In my novel, Rise to Power, the first time David senses a conflict in his soul is in his youth, at the seminal moment when he is about to say farewell to Saul, and go face Goliath in battle:
“I lay the armor down at the king’s feet. It is leaning down there against my broken lyre. And a thought crosses my mind: here are the relics I am about to leave behind. Combat gear on one side—my string instrument on the other. Which way will I be remembered? Am I a fighter—or a poet?”
But while he sees himself standing at a crossroad, still with the possibility of holding on to his identity as a poet, others--such as king Saul--see him in an entirely different way:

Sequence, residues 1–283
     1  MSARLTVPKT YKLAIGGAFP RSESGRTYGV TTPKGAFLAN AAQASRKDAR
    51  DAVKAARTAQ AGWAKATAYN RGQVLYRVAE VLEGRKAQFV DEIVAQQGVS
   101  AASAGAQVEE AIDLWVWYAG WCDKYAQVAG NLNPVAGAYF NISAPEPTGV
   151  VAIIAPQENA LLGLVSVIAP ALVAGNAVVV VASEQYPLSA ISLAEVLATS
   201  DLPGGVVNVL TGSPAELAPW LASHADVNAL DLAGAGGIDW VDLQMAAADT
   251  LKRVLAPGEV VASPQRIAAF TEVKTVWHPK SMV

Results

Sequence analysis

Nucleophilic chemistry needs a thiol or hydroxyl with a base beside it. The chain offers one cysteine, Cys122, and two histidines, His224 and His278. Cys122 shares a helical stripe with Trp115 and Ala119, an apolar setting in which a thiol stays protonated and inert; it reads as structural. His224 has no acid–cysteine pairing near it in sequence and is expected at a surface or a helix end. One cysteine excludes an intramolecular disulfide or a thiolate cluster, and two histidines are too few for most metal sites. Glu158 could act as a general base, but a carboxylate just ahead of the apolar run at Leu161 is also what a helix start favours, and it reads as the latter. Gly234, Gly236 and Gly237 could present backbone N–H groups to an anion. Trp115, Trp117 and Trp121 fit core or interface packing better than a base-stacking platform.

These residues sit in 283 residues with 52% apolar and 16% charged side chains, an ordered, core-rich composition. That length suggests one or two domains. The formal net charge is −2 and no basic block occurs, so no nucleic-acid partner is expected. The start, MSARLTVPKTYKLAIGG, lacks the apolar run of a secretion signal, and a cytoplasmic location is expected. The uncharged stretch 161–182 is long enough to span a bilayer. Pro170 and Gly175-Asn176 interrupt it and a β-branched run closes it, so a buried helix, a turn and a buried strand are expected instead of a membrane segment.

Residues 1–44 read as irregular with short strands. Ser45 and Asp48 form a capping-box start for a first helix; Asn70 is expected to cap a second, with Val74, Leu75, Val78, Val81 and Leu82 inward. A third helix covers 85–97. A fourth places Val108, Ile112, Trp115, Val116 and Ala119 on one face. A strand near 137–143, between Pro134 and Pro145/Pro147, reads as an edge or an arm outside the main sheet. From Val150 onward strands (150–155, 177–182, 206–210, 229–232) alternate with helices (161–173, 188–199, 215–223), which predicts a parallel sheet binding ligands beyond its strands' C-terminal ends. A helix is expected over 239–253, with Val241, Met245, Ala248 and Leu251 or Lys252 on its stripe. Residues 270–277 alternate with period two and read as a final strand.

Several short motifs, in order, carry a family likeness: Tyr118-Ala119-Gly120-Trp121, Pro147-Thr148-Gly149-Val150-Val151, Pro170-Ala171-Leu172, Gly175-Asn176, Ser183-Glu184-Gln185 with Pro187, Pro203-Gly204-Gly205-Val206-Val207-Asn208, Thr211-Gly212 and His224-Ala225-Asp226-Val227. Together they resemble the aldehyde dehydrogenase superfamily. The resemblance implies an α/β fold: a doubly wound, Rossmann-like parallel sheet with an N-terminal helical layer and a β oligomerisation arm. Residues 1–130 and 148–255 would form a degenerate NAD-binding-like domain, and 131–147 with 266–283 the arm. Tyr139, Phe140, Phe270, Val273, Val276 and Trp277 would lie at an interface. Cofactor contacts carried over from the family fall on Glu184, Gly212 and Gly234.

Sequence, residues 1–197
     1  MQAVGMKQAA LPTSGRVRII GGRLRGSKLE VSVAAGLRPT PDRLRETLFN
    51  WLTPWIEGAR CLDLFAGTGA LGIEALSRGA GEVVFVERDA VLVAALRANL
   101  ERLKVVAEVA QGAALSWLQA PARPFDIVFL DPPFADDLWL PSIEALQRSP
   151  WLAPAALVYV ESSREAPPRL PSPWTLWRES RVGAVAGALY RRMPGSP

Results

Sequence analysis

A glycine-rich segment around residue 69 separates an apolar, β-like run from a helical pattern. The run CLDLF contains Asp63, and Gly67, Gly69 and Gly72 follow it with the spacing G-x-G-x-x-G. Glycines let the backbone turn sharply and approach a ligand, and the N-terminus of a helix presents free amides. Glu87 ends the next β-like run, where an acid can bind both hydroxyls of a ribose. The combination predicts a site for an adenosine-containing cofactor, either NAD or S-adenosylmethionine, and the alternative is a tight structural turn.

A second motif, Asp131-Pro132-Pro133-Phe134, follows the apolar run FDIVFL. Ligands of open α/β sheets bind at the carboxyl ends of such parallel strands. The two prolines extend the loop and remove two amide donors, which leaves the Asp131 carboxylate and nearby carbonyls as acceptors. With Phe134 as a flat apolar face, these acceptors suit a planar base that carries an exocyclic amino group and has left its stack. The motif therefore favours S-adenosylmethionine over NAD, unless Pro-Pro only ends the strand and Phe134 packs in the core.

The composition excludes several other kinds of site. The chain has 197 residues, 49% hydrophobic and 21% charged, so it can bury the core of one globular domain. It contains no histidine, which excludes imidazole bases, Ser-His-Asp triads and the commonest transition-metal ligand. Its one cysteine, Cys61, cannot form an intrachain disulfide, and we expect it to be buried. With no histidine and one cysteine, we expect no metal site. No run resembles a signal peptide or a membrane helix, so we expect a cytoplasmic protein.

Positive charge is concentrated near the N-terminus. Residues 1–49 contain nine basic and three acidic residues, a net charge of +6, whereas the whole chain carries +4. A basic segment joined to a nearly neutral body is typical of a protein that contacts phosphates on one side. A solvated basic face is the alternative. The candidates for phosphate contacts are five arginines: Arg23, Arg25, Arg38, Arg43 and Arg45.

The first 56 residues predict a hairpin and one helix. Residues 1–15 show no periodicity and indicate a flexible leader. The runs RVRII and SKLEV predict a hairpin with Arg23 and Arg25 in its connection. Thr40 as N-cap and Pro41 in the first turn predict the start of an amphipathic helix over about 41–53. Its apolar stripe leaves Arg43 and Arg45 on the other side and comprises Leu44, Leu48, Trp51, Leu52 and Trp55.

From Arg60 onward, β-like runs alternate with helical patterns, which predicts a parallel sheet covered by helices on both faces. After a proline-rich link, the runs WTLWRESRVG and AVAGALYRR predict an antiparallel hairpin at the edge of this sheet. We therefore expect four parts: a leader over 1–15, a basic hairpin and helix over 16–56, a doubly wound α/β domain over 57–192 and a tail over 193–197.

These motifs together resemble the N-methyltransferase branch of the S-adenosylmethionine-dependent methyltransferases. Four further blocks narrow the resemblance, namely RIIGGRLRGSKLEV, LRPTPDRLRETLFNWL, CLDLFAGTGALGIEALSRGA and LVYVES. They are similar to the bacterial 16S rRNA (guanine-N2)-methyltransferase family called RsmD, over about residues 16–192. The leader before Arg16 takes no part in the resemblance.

“I catch sight of the reflection, my reflection in his eyes. In a flash I know Saul sees me as a danger to him. He fears me, he prays for my demise, and at the same time he adores me, too. In me he hopes to capture the fading image of that which is lost to him. His youth.
I ask myself, what makes him so jealous of me? What is he thinking?
Perhaps this: there is David, a young boy with a glint in his eyes. Morning breeze plays with his curls. It breathes words of hope and promise in his ear.
Yet unscarred by battle, his skin is smooth. His muscles are flexible, his hands strong. They are large, larger than you would expect for such a slender body. They are the hands of a killer.
There is David. Narrowing his eyes to focus them at the enemy, the boy is searching for a way to change, to become that which is not: larger than life. There he stands, ready for the kill.
I smile at Saul. He is slow to smile back.”
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